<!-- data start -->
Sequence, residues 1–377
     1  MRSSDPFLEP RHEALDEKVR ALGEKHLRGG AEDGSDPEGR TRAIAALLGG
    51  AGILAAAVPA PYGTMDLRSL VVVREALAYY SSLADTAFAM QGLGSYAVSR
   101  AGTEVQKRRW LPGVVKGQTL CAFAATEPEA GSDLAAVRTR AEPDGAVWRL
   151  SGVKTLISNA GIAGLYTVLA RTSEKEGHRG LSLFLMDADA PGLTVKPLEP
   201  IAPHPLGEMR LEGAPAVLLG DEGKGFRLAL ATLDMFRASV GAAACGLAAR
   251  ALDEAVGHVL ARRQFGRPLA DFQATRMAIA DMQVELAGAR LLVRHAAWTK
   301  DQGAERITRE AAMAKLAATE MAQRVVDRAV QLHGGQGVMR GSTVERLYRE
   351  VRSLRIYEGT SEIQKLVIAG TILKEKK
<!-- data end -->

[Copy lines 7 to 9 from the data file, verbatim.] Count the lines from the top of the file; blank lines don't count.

   251  ALDEAVGHVL ARRQFGRPLA DFQATRMAIA DMQVELAGAR LLVRHAAWTK
   301  DQGAERITRE AAMAKLAATE MAQRVVDRAV QLHGGQGVMR GSTVERLYRE
   351  VRSLRIYEGT SEIQKLVIAG TILKEKK